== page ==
The World That Never Was: The True Story of Dreamers, Schemers, Anarchists and Secret Agents
By Alex Butterworth
The Bodley Head £25, 482 pages
FT Bookshop price: £20
Alex Butterworth’s exhilarating book is a headlong gallop through the history of anarchism from the Paris Commune of 1871 to the Russian revolution in 1917. Almost any paragraph packs more action than an entire Dan Brown novel, though one suspects that even he might reject many of the incidents and characters as too outrageous to be credible. Errico Malatesta, a teenage disciple of Mikhail Bakunin, ended up as the mentor of another rogue elephant, the young Benito Mussolini, having in the intervening decades been jailed in Italy, expelled from Egypt, shot in New Jersey and exiled in London, where he scraped a living as an electrician, sherbet-vendor and salesman of chicken incubators. If such a man hadn’t existed, would anyone dare invent him?
Novelists gave up the imaginative struggle and settled for life-drawing. Souvarine, the Russian anarchist in Zola’s Germinal, is a hybrid of Bakunin and Prince Peter Kropotkin; the nihilistic fury of Sergei Nechaev inspired Dostoevsky to write The Devils. The demonic personality of the German insurrectionist Johann Most, who popularised the idea of “propaganda of the deed”, was so overwhelming that Henry James split his attributes among three characters in The Princess Casamassima. The identification of Henri de Rochefort with “Comrade X” in Conrad’s The Informer is so obvious that Butterworth suggests it “surely came close to breaching Britain’s libel laws”.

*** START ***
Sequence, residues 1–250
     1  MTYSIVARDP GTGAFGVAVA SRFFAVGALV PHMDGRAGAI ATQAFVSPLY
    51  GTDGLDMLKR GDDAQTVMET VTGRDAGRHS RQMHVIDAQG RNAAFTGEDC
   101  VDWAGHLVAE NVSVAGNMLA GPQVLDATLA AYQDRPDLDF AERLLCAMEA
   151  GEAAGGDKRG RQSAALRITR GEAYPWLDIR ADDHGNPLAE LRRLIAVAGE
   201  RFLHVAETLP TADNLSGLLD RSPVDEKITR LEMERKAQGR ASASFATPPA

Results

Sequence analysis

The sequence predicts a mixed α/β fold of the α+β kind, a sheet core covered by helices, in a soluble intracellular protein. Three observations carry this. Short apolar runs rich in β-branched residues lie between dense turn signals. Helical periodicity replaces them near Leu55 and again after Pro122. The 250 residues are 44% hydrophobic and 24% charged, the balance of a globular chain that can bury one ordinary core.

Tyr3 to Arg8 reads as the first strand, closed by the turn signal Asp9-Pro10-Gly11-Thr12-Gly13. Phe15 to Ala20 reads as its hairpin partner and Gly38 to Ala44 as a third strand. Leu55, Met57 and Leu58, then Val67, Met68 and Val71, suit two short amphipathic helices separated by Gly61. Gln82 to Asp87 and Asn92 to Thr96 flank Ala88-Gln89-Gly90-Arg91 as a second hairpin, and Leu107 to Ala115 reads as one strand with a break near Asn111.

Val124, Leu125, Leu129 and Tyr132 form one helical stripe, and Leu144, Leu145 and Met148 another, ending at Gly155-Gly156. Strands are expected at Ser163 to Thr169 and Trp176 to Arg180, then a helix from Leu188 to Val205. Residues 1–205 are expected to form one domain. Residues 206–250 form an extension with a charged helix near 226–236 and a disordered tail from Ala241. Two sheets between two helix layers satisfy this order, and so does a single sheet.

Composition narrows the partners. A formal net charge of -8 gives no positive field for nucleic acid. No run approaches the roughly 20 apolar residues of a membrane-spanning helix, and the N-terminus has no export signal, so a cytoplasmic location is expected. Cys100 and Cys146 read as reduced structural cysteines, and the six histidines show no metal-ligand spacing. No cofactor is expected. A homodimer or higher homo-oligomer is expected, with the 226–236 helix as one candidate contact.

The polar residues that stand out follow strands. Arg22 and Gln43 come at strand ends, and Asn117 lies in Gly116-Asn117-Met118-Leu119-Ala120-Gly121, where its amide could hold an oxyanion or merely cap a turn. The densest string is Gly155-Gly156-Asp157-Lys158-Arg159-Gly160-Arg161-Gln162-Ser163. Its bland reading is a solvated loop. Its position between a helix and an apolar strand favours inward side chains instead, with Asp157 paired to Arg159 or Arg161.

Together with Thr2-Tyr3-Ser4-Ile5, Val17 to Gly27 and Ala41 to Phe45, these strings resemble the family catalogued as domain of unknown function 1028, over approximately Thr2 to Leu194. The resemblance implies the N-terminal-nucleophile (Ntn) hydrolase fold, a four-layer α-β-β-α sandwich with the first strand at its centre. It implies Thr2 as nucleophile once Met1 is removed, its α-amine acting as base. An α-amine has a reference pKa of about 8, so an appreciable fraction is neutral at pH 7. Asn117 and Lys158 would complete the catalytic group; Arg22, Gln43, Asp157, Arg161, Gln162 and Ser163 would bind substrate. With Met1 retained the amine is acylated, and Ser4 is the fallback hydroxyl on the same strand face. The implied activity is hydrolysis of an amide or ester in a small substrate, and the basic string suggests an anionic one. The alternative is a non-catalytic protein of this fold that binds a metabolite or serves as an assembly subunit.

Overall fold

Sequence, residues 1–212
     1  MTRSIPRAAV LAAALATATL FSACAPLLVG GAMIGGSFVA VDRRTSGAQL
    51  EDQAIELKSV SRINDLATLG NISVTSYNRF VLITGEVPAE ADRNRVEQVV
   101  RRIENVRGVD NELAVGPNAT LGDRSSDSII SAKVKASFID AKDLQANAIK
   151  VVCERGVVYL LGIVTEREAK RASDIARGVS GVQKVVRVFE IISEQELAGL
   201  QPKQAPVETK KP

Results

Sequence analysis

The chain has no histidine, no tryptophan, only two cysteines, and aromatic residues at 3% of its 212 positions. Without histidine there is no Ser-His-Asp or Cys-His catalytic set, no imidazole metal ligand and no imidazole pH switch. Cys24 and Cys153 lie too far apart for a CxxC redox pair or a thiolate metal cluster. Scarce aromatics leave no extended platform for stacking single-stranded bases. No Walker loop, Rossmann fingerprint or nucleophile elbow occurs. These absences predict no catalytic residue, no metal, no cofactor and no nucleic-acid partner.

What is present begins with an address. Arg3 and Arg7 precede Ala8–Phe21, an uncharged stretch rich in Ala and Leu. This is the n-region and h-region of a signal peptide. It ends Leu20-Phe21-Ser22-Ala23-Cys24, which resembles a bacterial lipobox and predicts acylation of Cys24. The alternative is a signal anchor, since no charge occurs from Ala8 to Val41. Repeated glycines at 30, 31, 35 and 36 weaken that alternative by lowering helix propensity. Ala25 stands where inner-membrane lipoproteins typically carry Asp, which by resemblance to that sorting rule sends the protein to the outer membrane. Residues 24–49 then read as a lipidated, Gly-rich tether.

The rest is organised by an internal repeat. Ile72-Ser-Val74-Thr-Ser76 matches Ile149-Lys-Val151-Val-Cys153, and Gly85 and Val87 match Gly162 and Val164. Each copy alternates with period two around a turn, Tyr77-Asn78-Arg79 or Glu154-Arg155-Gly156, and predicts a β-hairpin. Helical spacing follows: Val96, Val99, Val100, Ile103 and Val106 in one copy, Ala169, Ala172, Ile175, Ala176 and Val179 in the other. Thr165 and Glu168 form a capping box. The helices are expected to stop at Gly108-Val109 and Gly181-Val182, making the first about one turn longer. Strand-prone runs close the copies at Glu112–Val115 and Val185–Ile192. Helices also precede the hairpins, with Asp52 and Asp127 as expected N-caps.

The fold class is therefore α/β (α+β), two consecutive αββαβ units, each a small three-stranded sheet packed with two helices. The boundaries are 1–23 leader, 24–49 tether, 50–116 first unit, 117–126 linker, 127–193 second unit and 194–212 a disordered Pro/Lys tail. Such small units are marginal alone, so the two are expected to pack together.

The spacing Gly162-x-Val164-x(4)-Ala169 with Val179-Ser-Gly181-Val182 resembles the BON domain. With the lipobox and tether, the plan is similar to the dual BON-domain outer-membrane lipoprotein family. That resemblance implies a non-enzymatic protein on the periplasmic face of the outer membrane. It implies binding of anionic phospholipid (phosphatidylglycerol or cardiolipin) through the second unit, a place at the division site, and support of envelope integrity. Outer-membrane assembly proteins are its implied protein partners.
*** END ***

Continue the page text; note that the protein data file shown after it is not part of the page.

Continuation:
The globe-girdling energy of these itinerant schemers is dizzying. Like Marx before them, most fetched up in England sooner or later. “Oh great metropolis of Albion,” Rochefort’s secretary, Charles Malato, wrote in The Delights of Exile, “your atmosphere is sometimes foggier than reason allows, your ale insipid and your cooking in general quite execrable, but you show respect for individuality and are welcoming to the émigrés.”
More hospitable than the Russians or French, perhaps, but the welcome wasn’t all that warm. William Melville of Special Branch recruited so many spies and agents provocateurs that most of the editorial team on the Socialist League’s newspaper, Commonweal, may well have been police informants.
Fear of the enemy within begat a repressive and often counter-productive reaction. In 1893, three days after a bomb was hurled into their chamber, French parliamentarians made it a capital offence to “promote, publicise, encourage or exonerate the anarchist idea”. But how could one define that idea? Like Marxists, anarchists came in 57 varieties: there were romantic dreamers, federalists, mystics, commune-dwellers and death-cultists.
What brought the age of anarchy to an end was not the Parisian Sureté or Scotland Yard but a force of fellow insurrectionists in the land of Bakunin and Kropotkin. “The majority of anarchists think and write about the future without understanding the present,” Lenin wrote in 1918. “That is what divides us communists from them.” Wary of accepting or imposing authority, anarchists never stood a chance against men for whom authoritarianism was the sine qua non of revolution. “A map of the world that does not include Utopia is not even worth glancing at,” Oscar Wilde had written, “for it leaves out the one country at which Humanity is always landing.” Not so, alas. While the anarchists explored paths to spiritual fulfilment, Lenin headed for the only destination on his route-map: political power.
That way, as Butterworth writes, lay only shipwreck and servitude. Perhaps Oscar Wilde was right. Does the world that never was – one ignoring borders, and divisions of class and religion – resemble the world as it might one day be?
Francis Wheen’s latest book is ‘Strange Days Indeed: The Golden Age of Paranoia’ (Fourth Estate)